UC Davis to test a computer program designed to reduce suicide

Goal is to encourage interaction with physicians

September 25, 2015

UC Davis Health System researchers have received a four-year, $1.3 million grant from the U.S. Centers for Disease Control and Prevention (CDC) to use a technology-based approach to help prevent suicide among those most at risk: middle-aged men.

Anthony Jerant

Anthony Jerant is leading a study aimed at reducing suicides among middle-aged men 

The funding will be used to develop and test a multimedia, interactive computer program that allows information to be tailored to the mental health information needs, beliefs and attitudes of users, ideally encouraging them to discuss suicide thoughts with physicians and accept treatment.

“Men have a tendency to be stoic about their health, but unfortunately this quality increases their susceptibility to suicide,” said Anthony Jerant, a UC Davis professor of family and community medicine, researcher with the UC Davis Center for Healthcare Policy and Research and co-principal investigator of the study.

“We want to try to overcome that tendency and other barriers by presenting information about suicide risk in a way that is easy to take in, resonates with the individual and motivates him to ask for help,” Jerant added. “The first goal is to activate discussions about suicide symptoms, but the ultimate goal is to reduce suicide attempts by taking full advantage of the time men spend with their doctors, so more of them will talk about their thoughts and be receptive to follow-up care.”

Jerant and his colleagues previously developed and tested a computer program designed to increase discussion and treatment for depression, which also increased physician-patient conversations about suicide even though there was only minimal content dealing with this topic. The CDC funding allows them to revise the program to include far more suicide-specific content.

A focus on middle-aged men

The new program will focus on middle-aged men, who are most likely to succeed at suicide attempts but least likely to bring up suicide thoughts to others, including their doctors, even though many visit their primary care physicians within a month of killing themselves.

Men aged 35 to 64 who have scheduled visits with their primary care providers at UC Davis Health System clinics in the Sacramento region or Palo Alto Medical Foundation clinics in the San Francisco Bay Area will be screened by telephone for study eligibility. Those who say they have recently thought about taking their own lives will be offered the chance to enroll.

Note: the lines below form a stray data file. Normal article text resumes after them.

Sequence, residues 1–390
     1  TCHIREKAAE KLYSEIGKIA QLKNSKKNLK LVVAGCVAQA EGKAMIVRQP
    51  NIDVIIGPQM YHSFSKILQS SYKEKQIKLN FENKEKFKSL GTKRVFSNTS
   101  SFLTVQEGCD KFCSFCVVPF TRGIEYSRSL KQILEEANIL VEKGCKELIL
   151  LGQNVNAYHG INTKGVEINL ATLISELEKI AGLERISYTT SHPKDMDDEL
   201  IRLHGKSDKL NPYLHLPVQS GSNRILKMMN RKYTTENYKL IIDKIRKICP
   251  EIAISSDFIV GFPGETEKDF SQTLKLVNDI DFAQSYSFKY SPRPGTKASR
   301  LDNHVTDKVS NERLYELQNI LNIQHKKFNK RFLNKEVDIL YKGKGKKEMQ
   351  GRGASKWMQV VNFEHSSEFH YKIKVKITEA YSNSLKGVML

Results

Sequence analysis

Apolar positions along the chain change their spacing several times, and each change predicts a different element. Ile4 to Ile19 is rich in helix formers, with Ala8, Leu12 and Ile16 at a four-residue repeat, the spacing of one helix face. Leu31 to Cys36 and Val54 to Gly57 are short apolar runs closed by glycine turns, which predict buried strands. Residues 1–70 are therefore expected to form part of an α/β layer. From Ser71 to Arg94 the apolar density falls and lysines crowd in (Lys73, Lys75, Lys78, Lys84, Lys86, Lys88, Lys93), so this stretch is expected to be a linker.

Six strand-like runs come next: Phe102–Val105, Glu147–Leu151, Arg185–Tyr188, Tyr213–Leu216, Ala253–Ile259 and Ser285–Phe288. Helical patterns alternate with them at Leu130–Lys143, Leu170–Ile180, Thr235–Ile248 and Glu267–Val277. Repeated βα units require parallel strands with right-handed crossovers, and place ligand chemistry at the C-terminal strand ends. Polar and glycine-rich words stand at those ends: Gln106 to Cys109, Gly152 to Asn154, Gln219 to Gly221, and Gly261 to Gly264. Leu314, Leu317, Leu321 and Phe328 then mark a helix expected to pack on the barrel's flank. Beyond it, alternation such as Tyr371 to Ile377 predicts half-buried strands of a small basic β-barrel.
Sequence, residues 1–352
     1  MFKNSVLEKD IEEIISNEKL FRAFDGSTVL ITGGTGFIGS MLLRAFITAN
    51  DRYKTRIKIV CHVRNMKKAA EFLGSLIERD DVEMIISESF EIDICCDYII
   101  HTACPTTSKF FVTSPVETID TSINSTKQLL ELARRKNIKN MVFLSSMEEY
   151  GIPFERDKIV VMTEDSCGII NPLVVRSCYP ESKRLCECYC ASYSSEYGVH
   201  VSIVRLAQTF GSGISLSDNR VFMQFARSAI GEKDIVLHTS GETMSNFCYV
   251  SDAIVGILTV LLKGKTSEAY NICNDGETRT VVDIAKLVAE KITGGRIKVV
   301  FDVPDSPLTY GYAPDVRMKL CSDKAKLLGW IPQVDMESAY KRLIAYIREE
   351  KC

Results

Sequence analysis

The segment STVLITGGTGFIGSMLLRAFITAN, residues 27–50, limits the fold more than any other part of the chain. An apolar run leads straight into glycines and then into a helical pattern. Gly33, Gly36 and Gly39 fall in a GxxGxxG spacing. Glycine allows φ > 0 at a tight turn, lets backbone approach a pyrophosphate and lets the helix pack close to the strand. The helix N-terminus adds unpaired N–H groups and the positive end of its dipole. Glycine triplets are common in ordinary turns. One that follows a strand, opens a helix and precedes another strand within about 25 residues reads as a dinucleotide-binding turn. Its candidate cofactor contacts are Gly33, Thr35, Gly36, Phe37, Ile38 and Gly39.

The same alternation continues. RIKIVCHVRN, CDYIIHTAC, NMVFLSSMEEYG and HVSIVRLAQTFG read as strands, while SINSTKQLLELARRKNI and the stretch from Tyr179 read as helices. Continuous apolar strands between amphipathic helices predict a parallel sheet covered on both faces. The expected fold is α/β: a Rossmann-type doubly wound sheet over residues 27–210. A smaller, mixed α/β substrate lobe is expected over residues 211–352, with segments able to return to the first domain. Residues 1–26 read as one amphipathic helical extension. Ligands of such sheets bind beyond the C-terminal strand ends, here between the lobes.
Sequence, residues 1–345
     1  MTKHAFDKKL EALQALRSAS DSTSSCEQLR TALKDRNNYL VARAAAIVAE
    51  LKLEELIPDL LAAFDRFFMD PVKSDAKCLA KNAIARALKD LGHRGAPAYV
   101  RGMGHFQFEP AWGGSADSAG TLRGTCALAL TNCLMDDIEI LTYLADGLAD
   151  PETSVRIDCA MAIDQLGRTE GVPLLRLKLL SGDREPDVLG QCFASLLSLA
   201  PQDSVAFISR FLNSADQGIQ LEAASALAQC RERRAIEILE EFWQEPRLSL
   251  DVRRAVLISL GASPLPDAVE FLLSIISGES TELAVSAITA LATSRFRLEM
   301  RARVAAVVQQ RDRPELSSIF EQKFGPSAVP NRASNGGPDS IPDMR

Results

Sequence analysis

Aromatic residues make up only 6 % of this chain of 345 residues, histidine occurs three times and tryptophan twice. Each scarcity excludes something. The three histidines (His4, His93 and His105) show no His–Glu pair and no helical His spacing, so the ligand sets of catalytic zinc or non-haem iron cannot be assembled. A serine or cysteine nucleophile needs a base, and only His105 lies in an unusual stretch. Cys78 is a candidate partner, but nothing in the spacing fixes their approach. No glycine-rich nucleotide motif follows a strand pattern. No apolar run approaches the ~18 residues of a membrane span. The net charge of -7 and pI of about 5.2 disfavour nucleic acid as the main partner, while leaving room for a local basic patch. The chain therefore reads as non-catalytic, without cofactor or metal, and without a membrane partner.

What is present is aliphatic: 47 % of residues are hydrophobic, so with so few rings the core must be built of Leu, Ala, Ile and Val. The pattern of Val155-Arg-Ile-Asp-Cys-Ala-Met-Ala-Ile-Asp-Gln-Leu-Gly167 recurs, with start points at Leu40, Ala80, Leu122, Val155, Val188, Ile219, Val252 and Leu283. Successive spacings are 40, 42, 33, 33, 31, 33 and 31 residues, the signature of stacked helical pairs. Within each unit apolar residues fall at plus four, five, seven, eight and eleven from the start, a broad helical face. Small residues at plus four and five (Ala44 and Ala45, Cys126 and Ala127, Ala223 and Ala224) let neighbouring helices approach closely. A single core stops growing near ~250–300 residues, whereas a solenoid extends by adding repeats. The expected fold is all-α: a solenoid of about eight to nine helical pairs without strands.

Study participants will have access to the suicide-prevention computer program in their doctors’ office waiting areas. The content and its length will be automatically tailored based on responses to a series of questions about knowledge, beliefs and attitudes about suicide and their comfort in discussing it with health care providers.

Users who indicate, for example, that they believe their doctors cannot help with suicide thoughts will be informed that all primary care doctors are trained to discuss suicide and ensure appropriate treatment in collaboration with mental health specialists. They will also be encouraged to broach the topic with their own doctors.

The program will also include information about suicide-related issues such as depression and drug and alcohol use.

Integrating suicide discussions with primary care visits

Each enrollee will receive three months of follow-up care by telephone implemented by mental health care managers, who will be guided by input from the primary care provider and overseen by a psychiatrist. The care managers will convey caring, empathy and support; deliver counseling for depression when necessary; and link participants with resources to address suicide risk factors.

“After being mired for centuries as an object of legal debate, philosophical speculation and religious scrutiny, suicide emerged as a pressing concern for primary care a couple of decades ago,” said study co-principal investigator Paul Duberstein, professor of psychiatry and family medicine at the University of Rochester Medical Center. “Now, primary care occupies a central spot in suicide prevention, and for good reason. Nearly 50 percent of people who die by suicide in the U.S. made health care visits within four weeks of death, and about a quarter saw a clinician in the week before dying. Many of these distressed people received no mental health treatment. We believe this intervention will make it easier for patients to get the care they need.”

In addition to Jerant and Duberstein, researchers on the study are Peter Franks, Ladson Hinton, Richard Kravitz, David Liu, Debora Paterniti, Lorin Scher and Daniel Tancredi of UC Davis; Kimberly Van Orden of the University of Rochester Medical Center; Ming Tai-Seale of the Palo Alto Medical Foundation Research Institute; and Aaron Rochlen of the University of Texas at Austin.

The grant is primarily funded through the Centers for Disease Control and Prevention (grant number 1U01CE002664-01). Additional project funding is provided by the UC Davis Behavioral Health Center of Excellence and Department of Family and Community Medicine.

More information about UC Davis Health System is at http://healthsystem.ucdavis.edu and the University of Rochester Medical Center is at https://www.urmc.rochester.edu/